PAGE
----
If you’re hooked on Octopus, but your wallet is hurting, try biking to its locations and you’ll get a 50 cent discount, or bring a reusable cup, which will win you 25 cents off.

Two other coffee hotspots north of downtown are The Coffee Trader, at 666 Paterson Road, and Mountain Grind Coffee Company, 936 North Ave.

The Coffee Trader is perhaps better known in Montrose, where it takes up a charming old downtown house, but the Grand Junction location serves the same solid coffee and holiday goodness, and not just for the big holidays, either. Trader likes to do specials on the smaller holidays, too, such as cherry pistachio scones around Valentine’s Day and nutty Irishman lattes for St. Patrick’s Day.

Mountain Grind has some holiday features as well, such as a caramel apple butter latte. Khloe Tompkins, who owns the store with her sister, stressed that Mountain Grind’s specialty drinks are available all year unlike Starbucks, where she used to work before opening her own shop.

Tompkins takes pride in having some of the lowest prices in town, which she would like to keep lower than Starbucks, a store that drove her crazy with its waste, she said.

Tompkins plans her coffee store needs carefully to avoid waste, and she includes homemade touches, such as peach jalapeno jam and jalapeno-
cilantro dressing for her lunch items and baked goodies made by Mom.

Similarly, offering homemade touches is important at Trailhead Coffee Bar and Cafe, 413 Monument Road, on the Redlands.

Owner Kelly Michel serves bakery and lunch items made mostly in-house and uses beans roasted in Montrose that are fairtrade and organic. She also has acquired quite a following.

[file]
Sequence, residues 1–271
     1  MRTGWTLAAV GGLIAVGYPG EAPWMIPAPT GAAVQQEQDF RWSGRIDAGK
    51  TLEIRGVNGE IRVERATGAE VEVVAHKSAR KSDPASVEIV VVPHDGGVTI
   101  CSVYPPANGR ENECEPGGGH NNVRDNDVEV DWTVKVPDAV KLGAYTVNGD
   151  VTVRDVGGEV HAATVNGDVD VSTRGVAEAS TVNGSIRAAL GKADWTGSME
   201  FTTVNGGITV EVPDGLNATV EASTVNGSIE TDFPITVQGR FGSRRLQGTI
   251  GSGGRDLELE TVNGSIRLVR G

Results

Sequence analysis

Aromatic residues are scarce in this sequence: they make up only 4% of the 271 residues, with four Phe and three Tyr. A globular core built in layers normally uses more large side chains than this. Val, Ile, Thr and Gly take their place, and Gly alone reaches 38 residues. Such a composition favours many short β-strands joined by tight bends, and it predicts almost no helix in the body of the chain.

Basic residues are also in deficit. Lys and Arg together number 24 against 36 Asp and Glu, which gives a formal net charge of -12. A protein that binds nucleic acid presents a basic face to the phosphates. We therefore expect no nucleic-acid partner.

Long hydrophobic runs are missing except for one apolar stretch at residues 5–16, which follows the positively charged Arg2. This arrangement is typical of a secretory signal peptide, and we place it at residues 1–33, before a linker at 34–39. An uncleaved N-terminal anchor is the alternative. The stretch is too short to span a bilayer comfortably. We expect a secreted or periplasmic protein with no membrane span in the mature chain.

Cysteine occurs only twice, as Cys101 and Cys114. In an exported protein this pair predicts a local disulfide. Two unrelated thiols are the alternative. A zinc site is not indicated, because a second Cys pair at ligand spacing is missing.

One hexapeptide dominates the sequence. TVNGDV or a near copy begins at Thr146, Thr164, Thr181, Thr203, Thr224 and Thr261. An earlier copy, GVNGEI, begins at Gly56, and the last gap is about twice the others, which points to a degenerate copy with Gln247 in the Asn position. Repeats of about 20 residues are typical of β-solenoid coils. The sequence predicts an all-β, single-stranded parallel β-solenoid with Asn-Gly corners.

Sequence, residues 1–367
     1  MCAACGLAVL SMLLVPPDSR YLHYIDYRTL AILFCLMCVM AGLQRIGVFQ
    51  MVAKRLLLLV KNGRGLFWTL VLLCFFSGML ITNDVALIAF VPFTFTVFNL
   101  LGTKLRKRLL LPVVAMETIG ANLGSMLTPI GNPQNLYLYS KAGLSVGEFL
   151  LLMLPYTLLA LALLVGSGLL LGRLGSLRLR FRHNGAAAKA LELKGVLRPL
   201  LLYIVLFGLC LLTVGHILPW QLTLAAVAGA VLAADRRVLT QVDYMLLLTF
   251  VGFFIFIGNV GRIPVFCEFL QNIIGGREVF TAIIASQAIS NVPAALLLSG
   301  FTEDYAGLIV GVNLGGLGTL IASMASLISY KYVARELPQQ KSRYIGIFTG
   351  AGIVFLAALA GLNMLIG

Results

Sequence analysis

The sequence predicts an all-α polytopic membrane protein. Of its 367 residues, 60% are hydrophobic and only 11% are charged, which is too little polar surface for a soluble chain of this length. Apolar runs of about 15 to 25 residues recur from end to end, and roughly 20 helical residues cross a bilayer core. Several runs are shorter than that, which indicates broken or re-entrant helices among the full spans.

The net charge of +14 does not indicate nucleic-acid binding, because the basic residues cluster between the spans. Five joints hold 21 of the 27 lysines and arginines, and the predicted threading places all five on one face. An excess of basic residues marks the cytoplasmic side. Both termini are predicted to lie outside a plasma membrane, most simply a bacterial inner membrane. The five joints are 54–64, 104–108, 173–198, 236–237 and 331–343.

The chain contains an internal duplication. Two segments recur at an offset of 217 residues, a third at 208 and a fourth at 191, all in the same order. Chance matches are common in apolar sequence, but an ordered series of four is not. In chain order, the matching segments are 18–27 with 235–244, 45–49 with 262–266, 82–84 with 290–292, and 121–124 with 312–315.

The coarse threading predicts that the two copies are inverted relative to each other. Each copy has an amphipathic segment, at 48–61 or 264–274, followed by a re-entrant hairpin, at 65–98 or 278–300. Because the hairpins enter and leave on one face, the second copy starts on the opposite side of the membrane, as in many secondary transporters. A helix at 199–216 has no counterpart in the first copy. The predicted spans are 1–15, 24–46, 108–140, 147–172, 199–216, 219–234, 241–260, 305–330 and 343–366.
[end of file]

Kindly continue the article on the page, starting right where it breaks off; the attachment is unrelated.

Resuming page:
“We have a senior crowd that sits here for three or four hours a day,” Michel said.

Trailhead will serve the regular rounds of holiday drinks, although it gets specialty requests all year long that it is happy to fulfill.

Another Redlands spot, Monument Village Coffee Shop, 2148 Broadway, is a bit of a home base for customers, as well, many of whom receive a warm greeting and joyful hug from owner Debbie Hansow-Reardon upon walking through the door.

Hansow-Reardon offers a mean breakfast and lunch menu that seems to keep people coming back for more, and she’s not shy about it.

“I’ve been told I make the best burritos in town,” Hansow-Reardon said. “Right now, though, everybody’s on this kick for biscuits and gravy. I run out of biscuits and gravy every single day.”

Monument Village offers pumpkin-flavored drinks all year-round, a selection of dog toys, locally-made soaps and a mug shelf, where regulars can leave personal mugs with their names on them.

Hansow-Reardon said she keeps her prices reasonable on principle. She doesn’t want to take people’s money, after all, her customers also are her friends.

“I’m not going to get rich doing this no matter what I do,” she said.

But even if no one’s getting rich, latte prices add up. If you’re addicted to coffee but don’t want to spend more than a grand a year on your habit, you could always get your java fix at home.

A pour-over cup of coffee using standard grocery store-bought, pre-ground coffee and a filter could cost you about 52 cents a cup. (Yes, I did the math.)

Heat up a cup of milk and use a pressurized coffee maker — Aeropress or Bialetti — to make espresso, and you will spend about 80 cents for a latte.

But have you noticed how everything tastes better when someone else makes it for you?

Plus, where are you going to find your own pumpkin spice and peppermint mocha mix? And what about meeting your friends or holding a meeting?

To the coffee shop!